Editor’s Note: Wendy Lacoss-Drake from Libby, Montana, has been hunting big game in Montana for 9 years. Not born into a hunting family, she didn’t think she had the heart to kill an animal. However, when she met her husband Eric Drake, her life was forever changed in several ways. Eric was a competition archer and a bowhunter. He introduced Wendy to competition archery. Then she more or less stumbled her way into becoming a big-game hunter taking elk, whitetails and turkeys.
My husband, Eric, introduced me to shooting target archery. Then because he was a competition shooter, he wanted me to shoot competition archery also. So, when he traveled to archery tournaments, I’d go with him and compete. I shot in some fairly-big shoots like the Vegas Archery Shoot, the Redding, California 3D archery shoot and the IBO World competition. Next I went hunting with Eric, because he was always going hunting. I thought, “If I go along, we’ll be able to spend more time together.”
The first real hunt I went on was with Eric, his dad, Ken Drake, and his uncle, Bob Drake. This was an elk hunt, and I decided to carry my bow, so I could at least look like I was hunting. I’d bought a new pair of hunting boots, and we’d hiked most of the morning. When we stopped, I took my new boots off to look at the blisters on my feet. Ken bugled. We were about to turn around and go back to camp. But after Ken bugled, we spotted an elk coming over the mountain about 70-yards away from where I sat with my boots off. There was no way I could get my boots on and even think about taking a shot. Ken moved over behind a bank and called to the bull, while I hid in the bushes. I saw the elk coming. When the bull got to about 40 yards, Eric took a shot at the 6x6 bull with his bow. I thought to myself, “This elk hunting is pretty cool. You just go out, call to them, shoot them and go home.”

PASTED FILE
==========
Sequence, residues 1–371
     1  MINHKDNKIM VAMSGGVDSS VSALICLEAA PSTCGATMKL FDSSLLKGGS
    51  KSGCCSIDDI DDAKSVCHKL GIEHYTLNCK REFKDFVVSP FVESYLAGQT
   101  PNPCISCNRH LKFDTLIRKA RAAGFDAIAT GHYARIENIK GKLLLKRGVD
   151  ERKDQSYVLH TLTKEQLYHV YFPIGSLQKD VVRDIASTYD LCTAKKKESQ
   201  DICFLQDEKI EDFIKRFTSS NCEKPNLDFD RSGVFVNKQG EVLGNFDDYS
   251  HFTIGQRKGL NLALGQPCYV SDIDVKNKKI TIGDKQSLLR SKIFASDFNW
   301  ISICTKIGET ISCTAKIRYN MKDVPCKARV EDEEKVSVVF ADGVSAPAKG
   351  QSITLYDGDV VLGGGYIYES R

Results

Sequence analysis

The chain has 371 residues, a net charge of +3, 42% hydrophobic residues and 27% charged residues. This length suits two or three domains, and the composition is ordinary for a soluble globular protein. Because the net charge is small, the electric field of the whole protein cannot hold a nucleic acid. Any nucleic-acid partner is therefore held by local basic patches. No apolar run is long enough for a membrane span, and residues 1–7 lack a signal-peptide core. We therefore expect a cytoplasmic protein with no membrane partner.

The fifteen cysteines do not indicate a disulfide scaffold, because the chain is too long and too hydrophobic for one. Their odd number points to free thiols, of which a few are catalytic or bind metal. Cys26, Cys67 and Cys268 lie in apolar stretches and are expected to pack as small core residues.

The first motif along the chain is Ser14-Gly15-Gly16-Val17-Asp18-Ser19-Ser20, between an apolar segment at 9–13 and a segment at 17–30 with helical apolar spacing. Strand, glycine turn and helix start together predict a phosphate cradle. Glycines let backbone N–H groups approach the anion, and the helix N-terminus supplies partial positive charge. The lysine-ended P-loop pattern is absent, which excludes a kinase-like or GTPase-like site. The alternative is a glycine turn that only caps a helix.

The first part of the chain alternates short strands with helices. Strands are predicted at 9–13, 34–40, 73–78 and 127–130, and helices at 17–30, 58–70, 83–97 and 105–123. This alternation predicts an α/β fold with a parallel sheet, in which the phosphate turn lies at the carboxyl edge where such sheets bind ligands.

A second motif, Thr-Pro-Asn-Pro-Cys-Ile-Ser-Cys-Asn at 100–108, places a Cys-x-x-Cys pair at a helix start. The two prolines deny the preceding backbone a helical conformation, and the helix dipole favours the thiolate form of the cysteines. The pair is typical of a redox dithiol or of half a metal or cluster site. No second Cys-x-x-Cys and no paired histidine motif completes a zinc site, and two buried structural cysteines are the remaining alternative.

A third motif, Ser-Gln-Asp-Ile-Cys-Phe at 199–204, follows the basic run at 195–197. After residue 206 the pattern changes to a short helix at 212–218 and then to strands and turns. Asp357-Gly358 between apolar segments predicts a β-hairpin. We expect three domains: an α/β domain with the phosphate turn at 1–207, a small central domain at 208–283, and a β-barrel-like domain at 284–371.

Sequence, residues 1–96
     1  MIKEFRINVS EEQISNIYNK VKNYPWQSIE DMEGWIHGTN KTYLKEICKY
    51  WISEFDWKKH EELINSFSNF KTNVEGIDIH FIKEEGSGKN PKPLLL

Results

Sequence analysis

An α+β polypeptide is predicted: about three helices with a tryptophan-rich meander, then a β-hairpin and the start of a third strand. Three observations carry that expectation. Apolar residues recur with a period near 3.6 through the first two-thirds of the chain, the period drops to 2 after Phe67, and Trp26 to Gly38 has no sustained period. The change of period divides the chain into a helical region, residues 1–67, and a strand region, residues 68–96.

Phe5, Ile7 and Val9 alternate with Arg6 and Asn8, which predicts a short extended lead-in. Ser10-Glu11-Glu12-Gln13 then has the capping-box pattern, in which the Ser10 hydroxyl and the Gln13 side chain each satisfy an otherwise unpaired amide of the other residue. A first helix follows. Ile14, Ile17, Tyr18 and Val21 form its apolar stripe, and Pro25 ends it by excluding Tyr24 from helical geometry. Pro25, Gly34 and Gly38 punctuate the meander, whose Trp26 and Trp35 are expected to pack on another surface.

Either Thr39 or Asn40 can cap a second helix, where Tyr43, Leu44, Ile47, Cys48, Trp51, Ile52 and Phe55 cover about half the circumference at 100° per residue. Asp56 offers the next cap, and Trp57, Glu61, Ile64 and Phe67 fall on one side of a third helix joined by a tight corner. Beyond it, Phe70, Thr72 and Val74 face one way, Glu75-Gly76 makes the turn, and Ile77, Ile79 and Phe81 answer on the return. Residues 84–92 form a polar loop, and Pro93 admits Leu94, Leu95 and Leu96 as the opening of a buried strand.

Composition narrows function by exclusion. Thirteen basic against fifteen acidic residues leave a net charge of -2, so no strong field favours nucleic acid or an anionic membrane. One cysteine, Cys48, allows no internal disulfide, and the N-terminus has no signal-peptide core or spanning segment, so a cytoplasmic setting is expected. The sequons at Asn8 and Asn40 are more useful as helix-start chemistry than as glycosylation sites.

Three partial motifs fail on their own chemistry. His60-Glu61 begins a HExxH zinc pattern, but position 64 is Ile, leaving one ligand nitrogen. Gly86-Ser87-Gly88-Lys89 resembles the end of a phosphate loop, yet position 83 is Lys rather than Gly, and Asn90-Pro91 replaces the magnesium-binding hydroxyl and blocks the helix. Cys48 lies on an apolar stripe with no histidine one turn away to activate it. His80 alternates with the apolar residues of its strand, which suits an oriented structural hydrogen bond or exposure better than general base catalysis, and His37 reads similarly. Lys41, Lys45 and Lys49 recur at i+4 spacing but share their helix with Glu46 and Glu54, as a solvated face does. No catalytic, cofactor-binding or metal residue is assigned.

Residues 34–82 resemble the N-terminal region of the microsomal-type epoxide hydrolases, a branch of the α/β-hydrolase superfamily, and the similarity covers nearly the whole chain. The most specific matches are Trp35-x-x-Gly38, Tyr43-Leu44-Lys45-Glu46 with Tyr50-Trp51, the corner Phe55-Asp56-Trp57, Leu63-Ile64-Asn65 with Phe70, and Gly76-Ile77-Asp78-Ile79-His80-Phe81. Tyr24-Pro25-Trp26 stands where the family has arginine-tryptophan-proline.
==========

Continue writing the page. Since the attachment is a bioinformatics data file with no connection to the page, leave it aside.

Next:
Eric shot the elk on the first day of the hunt in the Kootenai National Forest. After we saw the elk go down, we went to our cabin about 15-miles away. We borrowed a game cart from some nearby friends, so we could put the meat on it to bring the elk out of the woods. When we got back to the elk with the people who volunteered to help us carry our elk out, we cut up the meat. I carried out some of the meat, although I was still aware of the blisters on my feet. But after the adrenaline had hit me from watching Eric shoot that bull, the pain from the blisters wasn’t nearly as bad as when I first got the blisters. Once the meat was taken care of, and I looked back on the hunt, I decided that elk hunting was really fun. I was with Eric and his family and was excited about hearing and seeing the elk and watching Eric take the shot.